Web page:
The technician adds or subtracts refrigerant to decrease or increase the actual superheat to match the required superheat.

Superheat is the temperature difference between the boiling point of the refrigerant in the evaporator and the actual temperature of the refrigerant gas after the evaporator. It is the "extra" temperature (or temperature rise) the refrigerant picks up in the evaporator after it boils.

When charging the system, the technician adds as much refrigerant as he can. But if he adds too much (overcharge), he risks flooding the compressor with liquid refrigerant.

The biggest risk of flooding is under low load conditions: low outside temperatures and low indoor wet bulb temperatures. The refrigerant boils off late in the evaporator. To make sure the refrigerant is all boiled off before the end of the evaporator, the the A/C manufacturer's required superheat chart directs the technician to stop adding refrigerant when the suction line temperature gets down to within a few degrees of the boiling point inside the evaporator. The "few degrees" is the superheat. At low load conditions, the superheat is often specified as five or six degrees. It's a safety factor to make sure no liquid gets to the compressor.

At other load conditions, as determined by outdoor air and indoor wet bulb temperatures, the required superheat is given by a the superheat chart supplied by the A/C manufacturer. The higher the temperatures, the higher the load and the higher the required superheat.

Doing a superheat analysis is the best way to insure that an air conditioner has the proper charge.

Jun 13, 2011 | Refrigerators

1 Answer

Carrier Screw chiller Model number PGI 225 -Y920 ,Ineed Trouble Shooting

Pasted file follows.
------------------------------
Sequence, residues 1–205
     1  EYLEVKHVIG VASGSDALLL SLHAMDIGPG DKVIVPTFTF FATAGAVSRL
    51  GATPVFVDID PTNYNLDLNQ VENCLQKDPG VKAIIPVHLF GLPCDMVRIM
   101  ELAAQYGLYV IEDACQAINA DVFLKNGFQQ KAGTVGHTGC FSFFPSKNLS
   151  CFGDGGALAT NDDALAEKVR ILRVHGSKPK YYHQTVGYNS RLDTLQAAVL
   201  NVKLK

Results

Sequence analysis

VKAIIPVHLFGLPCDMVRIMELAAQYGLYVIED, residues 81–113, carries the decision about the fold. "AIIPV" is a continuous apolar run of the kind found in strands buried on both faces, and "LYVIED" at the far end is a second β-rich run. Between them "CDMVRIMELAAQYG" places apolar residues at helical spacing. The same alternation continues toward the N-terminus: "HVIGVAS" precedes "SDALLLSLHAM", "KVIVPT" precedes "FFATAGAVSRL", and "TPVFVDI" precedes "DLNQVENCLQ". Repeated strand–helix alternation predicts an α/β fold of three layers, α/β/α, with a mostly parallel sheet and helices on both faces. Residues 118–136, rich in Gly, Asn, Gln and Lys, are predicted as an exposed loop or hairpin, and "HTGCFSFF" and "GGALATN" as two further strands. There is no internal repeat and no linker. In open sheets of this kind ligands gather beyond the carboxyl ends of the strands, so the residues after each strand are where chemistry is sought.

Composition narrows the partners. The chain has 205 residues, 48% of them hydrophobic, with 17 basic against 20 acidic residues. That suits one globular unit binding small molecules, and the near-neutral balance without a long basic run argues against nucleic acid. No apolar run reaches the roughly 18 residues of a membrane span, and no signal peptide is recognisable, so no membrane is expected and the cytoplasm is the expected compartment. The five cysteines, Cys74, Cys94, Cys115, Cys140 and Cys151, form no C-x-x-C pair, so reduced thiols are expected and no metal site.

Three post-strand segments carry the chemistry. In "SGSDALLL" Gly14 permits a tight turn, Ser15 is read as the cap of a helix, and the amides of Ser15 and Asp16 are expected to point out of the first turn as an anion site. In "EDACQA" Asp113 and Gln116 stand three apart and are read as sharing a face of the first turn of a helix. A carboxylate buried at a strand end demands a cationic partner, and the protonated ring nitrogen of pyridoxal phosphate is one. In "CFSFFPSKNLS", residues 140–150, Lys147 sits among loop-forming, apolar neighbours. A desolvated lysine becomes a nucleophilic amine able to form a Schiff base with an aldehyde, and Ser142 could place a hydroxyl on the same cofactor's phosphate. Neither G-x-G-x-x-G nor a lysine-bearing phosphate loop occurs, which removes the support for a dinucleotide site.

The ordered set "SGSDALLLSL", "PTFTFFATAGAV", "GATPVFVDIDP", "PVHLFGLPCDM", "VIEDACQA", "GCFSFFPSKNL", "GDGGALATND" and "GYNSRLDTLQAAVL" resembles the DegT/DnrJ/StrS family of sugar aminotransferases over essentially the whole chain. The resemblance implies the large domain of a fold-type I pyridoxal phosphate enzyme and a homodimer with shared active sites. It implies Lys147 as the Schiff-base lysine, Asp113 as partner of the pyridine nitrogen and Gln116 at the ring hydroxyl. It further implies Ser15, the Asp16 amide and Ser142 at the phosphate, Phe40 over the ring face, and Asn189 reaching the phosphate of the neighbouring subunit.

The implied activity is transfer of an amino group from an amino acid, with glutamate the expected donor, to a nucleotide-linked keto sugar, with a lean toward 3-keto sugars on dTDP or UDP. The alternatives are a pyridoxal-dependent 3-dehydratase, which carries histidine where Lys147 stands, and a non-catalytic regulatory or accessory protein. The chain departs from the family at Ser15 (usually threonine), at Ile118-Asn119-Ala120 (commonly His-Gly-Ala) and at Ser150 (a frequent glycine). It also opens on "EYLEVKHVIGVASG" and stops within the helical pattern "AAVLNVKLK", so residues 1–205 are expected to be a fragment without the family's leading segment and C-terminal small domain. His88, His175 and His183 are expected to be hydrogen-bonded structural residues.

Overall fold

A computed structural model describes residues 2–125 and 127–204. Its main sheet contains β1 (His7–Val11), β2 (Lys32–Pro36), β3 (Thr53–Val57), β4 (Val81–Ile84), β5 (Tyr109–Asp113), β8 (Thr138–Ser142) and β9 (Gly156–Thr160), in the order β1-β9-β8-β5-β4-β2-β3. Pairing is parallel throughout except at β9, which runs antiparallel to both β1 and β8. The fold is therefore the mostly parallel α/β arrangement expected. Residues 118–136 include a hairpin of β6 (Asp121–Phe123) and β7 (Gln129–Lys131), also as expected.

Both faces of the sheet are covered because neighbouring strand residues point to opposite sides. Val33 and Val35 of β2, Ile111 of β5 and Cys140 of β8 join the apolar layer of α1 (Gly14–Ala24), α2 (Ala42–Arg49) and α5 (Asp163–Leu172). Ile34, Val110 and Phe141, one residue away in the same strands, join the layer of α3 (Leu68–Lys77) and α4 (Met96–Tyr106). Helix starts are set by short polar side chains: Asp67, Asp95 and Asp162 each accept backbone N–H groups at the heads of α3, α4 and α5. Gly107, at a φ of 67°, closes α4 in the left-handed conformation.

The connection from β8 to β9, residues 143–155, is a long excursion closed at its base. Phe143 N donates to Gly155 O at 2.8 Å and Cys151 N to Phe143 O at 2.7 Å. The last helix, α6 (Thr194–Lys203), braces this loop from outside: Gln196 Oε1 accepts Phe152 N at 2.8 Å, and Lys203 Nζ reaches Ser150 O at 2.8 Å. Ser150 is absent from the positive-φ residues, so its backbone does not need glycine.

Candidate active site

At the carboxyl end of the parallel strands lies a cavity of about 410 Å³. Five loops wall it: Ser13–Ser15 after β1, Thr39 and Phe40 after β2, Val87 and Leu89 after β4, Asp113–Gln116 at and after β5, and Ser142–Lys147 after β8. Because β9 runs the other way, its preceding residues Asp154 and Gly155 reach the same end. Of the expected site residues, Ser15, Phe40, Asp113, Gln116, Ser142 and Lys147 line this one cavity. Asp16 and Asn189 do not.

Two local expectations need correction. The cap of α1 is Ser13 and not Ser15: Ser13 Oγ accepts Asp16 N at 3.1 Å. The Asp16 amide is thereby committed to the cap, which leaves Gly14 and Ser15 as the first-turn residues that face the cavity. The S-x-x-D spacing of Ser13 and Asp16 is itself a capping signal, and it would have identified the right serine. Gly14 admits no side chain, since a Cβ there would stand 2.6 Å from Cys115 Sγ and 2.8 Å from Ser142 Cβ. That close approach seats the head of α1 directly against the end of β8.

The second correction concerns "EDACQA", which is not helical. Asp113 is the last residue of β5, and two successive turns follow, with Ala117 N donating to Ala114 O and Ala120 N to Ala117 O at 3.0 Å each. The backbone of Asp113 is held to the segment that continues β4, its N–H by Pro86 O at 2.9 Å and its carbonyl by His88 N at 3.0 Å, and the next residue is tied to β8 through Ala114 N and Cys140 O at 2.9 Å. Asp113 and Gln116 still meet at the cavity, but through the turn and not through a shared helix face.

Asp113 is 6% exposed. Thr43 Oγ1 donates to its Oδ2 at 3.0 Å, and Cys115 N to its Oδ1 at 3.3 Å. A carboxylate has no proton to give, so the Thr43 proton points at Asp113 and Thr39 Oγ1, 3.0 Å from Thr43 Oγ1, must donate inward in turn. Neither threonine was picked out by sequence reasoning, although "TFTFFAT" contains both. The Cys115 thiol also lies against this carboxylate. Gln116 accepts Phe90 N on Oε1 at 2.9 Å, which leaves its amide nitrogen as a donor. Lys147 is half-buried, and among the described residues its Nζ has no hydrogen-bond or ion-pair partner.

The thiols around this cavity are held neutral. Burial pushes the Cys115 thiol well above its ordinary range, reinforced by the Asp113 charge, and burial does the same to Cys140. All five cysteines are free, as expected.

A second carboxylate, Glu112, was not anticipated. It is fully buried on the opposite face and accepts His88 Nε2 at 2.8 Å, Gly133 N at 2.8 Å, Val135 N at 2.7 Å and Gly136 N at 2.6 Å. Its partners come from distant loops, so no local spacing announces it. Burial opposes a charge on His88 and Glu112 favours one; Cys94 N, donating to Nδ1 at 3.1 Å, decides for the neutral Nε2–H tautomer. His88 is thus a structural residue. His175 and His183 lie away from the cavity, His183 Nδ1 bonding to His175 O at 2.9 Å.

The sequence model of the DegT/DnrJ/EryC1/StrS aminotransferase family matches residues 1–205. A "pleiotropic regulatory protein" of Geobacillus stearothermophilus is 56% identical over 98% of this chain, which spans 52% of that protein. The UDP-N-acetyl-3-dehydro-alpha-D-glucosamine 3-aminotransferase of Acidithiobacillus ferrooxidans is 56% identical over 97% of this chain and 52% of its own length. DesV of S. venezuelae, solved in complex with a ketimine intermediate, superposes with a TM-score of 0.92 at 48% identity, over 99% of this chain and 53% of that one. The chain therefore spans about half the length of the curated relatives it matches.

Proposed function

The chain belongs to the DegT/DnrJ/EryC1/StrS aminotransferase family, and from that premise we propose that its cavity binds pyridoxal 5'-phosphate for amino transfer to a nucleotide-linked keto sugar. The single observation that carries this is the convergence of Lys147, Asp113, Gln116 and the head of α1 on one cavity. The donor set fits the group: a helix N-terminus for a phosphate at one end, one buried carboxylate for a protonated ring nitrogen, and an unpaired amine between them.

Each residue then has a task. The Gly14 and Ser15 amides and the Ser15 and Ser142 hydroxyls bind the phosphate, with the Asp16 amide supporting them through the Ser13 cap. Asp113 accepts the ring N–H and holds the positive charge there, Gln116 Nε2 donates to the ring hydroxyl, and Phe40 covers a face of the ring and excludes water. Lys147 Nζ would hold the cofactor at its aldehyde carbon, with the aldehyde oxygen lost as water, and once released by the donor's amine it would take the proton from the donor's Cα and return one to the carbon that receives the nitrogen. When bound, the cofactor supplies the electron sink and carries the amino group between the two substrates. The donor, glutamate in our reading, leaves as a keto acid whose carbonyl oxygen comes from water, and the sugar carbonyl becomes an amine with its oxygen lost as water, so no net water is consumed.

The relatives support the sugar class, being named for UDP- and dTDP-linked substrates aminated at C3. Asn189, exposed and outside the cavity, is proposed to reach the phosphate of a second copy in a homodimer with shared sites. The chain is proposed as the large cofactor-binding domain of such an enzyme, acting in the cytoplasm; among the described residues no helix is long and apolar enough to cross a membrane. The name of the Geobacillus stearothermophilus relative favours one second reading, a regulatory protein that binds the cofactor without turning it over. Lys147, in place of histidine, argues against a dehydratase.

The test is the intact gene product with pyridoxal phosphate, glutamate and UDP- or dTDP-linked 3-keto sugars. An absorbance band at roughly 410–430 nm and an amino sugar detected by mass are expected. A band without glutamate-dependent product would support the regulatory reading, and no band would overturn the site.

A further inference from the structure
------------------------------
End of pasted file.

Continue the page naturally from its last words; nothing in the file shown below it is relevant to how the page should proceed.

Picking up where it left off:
You really need to talk to the carrier people for a solution here.
There are too many variables to be sorted out to give you a solution on line

Mar 24, 2011 | Carrier 30HXC096 Indoor Water-Cooled Screw...

1 Answer

How to use it


Subcooling - The difference between the temperature of the Small copper line (Liquid Line) and the high-side (red) gauge temp on your manifold

Superheat - The difference between the temp. of the Suction line (Big copper) and the low side gauge (blue) temp

Apr 26, 2009 | Carrier Heating & Cooling

1 Answer

Carrier 19DX liquid chiller trips in 68


are the coils dirty? How about the filters? Is there ice build up on coils towards the bottom?

Jul 18, 2008 | Compaq Presario 700 470024-192 Notebook

2 Answers

Low discharge super heat


Hi, Its been a long time since I have worked on one but maybe the chilled water is having problems and not circulating good. Could be airlocked somewhere if its been down for a while. Hope I have helped. kstfas

Sep 13, 2007 | Heating & Cooling

Not finding what you are looking for?
Heating & Cooling Logo

Related Topics:

138 people viewed this question

Ask a Question

Usually answered in minutes!

Top Heating & Cooling Experts

paulcarew

Level 3 Expert

2464 Answers

Dan Webster
Dan Webster

Level 3 Expert

8220 Answers

Donni Steen

Level 3 Expert

659 Answers

Are you a Heating and Cooling Expert? Answer questions, earn points and help others

Answer questions

Manuals & User Guides

Loading...